Deals, freebies and other money-saving schemes

Last month I ran the LA Kings 5K down near Staples Center along with Mrs. Fan and Twisted Sister, and while the event combined two of my favorite pursuits (running and hockey), I also had plenty of incentive to do the race. The cost I paid for race registration was $65 — hefty for a run, for sure, but it included an upper-level ticket to the game (usually $41), plus free parking at LA Live across the street from the arena — not usually a cheap place to park. So we basically paid $65 each for things that, if we paid full-price for each element, would have wound up costing at least $90 each.

Yes, in these times when we all have to tighten our belts, it pays to look for ways to save. And that goes for frivolous pursuits like going to sporting events as well. It would be easy enough to say, “If you really want to save money, then just don’t go to sporting events and watch ’em on TV.” But that would be no fun, would it?

Growing up in Southern California, I used to always hear people say that if you paid full price to get into one of the local amusement parks, you simply weren’t trying — meaning there are so many avenues to get discounted tickets that you’d really have to not be paying attention to not get a discount. Increasingly, that is becoming true with sports. If you aren’t following your favorite teams on Facebook and/or Twitter, you simply aren’t trying, because nearly every team (with the possible exception of the NFL) offers exclusive ticket discounts to their followers. Try it sometime — for example, the Kings opened their playoff ticket sale last week to Facebook fans first, a day before opening them up to the general public. As a result, I’m going to Game 3 of the first-round series against the Sharks for face value, rather than having to pay close to $100 through StubHub.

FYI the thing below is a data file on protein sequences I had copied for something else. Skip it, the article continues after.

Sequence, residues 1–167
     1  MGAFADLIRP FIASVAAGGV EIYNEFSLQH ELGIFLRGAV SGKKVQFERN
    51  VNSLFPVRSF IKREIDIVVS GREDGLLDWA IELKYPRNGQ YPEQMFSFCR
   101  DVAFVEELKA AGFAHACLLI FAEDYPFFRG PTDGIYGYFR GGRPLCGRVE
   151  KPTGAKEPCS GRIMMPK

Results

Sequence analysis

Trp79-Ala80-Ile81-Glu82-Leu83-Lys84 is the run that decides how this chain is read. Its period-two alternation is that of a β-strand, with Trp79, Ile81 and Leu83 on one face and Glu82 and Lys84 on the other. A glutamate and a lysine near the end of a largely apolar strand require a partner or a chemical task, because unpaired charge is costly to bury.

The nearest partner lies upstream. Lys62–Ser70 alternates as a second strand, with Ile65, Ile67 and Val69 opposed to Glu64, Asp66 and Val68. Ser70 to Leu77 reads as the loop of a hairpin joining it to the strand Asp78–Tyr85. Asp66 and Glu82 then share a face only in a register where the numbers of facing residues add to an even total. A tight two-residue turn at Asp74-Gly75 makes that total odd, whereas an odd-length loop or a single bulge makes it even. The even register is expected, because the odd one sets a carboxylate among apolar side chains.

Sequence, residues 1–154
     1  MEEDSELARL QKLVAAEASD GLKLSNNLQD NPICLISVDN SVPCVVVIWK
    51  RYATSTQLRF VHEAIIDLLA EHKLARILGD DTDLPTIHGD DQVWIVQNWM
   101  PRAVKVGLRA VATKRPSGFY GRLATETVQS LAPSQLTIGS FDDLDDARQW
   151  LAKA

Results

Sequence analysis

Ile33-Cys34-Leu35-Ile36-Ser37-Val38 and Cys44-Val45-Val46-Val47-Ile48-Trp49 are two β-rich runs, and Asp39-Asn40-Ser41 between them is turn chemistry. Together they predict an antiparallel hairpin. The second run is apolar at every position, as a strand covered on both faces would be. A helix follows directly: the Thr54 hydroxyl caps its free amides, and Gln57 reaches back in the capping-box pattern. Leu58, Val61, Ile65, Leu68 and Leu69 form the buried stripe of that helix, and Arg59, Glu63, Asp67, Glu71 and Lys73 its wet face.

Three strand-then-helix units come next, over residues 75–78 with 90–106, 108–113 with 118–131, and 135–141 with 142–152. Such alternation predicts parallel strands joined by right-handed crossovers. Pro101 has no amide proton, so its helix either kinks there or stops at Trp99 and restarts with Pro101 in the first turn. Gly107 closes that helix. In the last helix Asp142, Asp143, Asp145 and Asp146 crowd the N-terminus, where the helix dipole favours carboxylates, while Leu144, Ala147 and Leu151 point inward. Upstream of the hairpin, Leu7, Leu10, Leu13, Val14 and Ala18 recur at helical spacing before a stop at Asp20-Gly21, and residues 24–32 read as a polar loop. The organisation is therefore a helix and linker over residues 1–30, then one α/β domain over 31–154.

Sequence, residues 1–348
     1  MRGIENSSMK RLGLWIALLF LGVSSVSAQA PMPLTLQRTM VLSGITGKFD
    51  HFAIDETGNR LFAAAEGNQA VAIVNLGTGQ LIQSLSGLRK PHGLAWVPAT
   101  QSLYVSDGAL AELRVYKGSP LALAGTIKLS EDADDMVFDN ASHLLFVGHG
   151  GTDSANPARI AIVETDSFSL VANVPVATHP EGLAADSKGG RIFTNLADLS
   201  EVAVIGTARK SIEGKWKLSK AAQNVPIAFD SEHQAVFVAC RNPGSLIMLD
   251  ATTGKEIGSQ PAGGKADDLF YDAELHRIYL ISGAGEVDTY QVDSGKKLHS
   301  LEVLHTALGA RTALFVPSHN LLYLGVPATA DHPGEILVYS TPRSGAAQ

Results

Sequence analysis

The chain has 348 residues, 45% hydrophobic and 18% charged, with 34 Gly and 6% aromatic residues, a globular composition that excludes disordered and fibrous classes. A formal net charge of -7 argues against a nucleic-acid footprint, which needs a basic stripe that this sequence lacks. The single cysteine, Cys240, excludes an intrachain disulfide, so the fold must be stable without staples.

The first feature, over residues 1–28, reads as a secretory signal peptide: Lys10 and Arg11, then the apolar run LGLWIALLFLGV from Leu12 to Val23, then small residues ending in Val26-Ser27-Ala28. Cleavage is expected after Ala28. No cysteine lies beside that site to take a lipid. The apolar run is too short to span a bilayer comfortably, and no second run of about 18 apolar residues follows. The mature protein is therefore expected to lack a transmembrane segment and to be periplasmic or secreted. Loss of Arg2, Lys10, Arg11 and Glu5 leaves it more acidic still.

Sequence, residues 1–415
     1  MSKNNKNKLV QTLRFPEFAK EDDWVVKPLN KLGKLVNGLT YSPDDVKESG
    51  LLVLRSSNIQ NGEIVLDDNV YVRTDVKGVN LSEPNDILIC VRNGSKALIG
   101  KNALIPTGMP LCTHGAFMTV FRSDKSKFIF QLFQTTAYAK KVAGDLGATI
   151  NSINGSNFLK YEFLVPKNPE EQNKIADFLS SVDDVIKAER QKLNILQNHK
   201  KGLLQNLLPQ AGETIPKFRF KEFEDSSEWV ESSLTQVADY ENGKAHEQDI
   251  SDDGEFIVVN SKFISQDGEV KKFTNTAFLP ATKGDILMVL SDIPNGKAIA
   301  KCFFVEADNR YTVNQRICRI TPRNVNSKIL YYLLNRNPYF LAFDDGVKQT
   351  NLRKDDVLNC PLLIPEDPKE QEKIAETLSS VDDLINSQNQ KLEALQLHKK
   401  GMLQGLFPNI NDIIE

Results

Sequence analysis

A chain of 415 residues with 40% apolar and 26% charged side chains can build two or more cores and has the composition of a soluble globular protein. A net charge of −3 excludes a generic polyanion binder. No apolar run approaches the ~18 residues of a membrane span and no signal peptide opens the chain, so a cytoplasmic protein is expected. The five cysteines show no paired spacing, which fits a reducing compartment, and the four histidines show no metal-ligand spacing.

Do you have to do all this stuff? Do you have to run a race just to save money on a game? Of course not. But if you love sports, it’s actually becoming harder to use the “it’s too expensive” excuse to not go to games. You just have to know where to look.

Edward de la FuenteEdward de la Fuente | Itinerant Fan
I live for sports, and I love to travel. My biggest thrill is combining the two. I’ve been blogging about sports travel for more than a decade, and traveling for sports for twice as long.
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